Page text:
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Chylack  LT  JrWolfe  JKSinger  DM  et al.  The Lens Opacities Classification System III: The Longitudinal Study of Cataract Study Group. Arch Ophthalmol. 1993;111831- 836Article
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Service Meteorologique, Division Climatologie, Le Rayonnement Solaire et l'insolation en France: Généralités et Catalogue des Données Disponibles.  Boulogne-Billancourt, France Direction de la Météorologie, Secrétariat d'Etat auprès du Ministère de l'Equipement et de l'Aménagement February1978;
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Leske  MCChylack  LT  JrWu  SY The Lens Opacities Case-Control Study: risk factors for cataract. Arch Ophthalmol. 1991;109244- 251Article
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Delcourt  CDiaz  JLPonton-Sanchez  APapoz  Land the POLA Study Group, Smoking and age-related macular degeneration: the POLA study. Arch Ophthalmol. 1998;1161031- 1035Article
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Epidemiology and Biostatistics
March 2000

Light Exposure and the Risk of Cortical, Nuclear, and Posterior Subcapsular CataractsThe Pathologies Oculaires Liées à l'Age (POLA) Study

Author Affiliations

From the Institut National de la Santé et de la Recherche Médicale (INSERM), Montpellier, France. A complete list of the members of the POLA Study Group was published previously (Arch Ophthalmol. 1998;116:1031-1035).

Arch Ophthalmol. 2000;118(3):385-392. doi:10.1001/archopht.118.3.385
Abstract

Background  Exposure to light may be an important risk factor for the development of cataracts.

Objective  To present the relation of ambient solar radiation and professional and leisure exposures to light with the different types of cataracts.

Methods  Pathologies Oculaires Liées à l'Age (POLA) is a population-based study on cataract and age-related macular degeneration and their risk factors in 2584 residents of Sète (southern France). Cataract classification was based on lens examination at slitlamp according to Lens Opacities Classification System III. A questionnaire about light exposure was administered.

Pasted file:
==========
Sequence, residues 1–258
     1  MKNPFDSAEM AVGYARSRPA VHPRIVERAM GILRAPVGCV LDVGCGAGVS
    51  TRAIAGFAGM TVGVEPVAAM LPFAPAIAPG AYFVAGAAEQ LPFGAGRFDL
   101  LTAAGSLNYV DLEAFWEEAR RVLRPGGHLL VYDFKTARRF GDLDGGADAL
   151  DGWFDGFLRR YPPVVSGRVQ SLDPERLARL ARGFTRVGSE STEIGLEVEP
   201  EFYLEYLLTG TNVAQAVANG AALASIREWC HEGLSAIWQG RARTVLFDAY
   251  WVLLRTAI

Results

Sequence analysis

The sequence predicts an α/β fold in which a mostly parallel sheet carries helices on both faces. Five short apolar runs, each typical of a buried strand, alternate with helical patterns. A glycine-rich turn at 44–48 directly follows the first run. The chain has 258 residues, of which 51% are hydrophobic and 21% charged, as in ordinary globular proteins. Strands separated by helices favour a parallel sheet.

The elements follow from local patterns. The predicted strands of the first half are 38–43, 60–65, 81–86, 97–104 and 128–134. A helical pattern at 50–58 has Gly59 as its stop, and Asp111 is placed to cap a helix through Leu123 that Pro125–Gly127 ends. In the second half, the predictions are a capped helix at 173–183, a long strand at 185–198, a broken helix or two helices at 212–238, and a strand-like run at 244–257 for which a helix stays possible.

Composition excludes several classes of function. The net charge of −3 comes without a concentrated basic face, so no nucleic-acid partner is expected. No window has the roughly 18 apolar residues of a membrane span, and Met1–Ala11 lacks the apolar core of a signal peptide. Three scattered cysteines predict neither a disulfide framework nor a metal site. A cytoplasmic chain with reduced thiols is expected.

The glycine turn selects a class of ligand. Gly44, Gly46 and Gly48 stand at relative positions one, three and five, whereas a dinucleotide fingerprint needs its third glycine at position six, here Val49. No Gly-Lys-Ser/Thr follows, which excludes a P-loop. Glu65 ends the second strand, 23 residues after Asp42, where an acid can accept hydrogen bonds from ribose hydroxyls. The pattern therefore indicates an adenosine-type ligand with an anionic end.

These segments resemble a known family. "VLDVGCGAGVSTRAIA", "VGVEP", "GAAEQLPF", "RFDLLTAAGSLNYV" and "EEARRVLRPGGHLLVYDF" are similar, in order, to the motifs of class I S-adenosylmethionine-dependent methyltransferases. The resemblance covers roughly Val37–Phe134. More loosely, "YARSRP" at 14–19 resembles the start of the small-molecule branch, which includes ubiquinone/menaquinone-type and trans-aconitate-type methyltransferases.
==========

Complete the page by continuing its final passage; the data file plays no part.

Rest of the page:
Results  After multivariate adjustment, participants who had higher ambient solar radiation had a 2.5-fold (95% confidence interval [CI], 1.2-5.0), 4.0-fold (95% CI, 2.0-8.0), and 2.9-fold (95% CI, 1.5-5.3) increased risk of cortical and mixed cataract and cataract surgery, respectively. Solar ambient radiation was not significantly associated with posterior subcapsular and nuclear cataracts. By contrast, posterior subcapsular cataracts were significantly associated with professional exposure to sunlight (odds ratio [OR], 1.63; 95% CI, 1.01-2.63) and frequent use of sunglasses (OR, 0.62; 95% CI, 0.43-0.90). Mixed cataract was also associated with professional exposure to artificial light (OR, 3.02; 95% CI, 1.03-8.82).

Conclusion  Our study further confirms the role of sunlight exposure in the pathogenesis of cataract, in particular in its cortical localization.

CATARACT IS the leading cause of blindness, accounting for 50% of blindness worldwide.1 With the global aging of the populations, in particular in industrialized countries, this condition is expanding rapidly. The only therapy currently available is lens extraction. The growing need for surgical resources is particularly critical in developing countries but also affects the industrialized countries. For instance, cataract surgery has become the most frequent surgical procedure in people 65 years or older in the United States, with an estimated cost to Medicare of $3.4 billion in 1991.2 An increased understanding of cataract etiology may lead to the development of nonsurgical strategies to delay or prevent cataract. In the United States, the National Eye Institute1 estimates that a 10-year delay in the onset of cataract would result in a 50% reduction in the prevalence of cataract.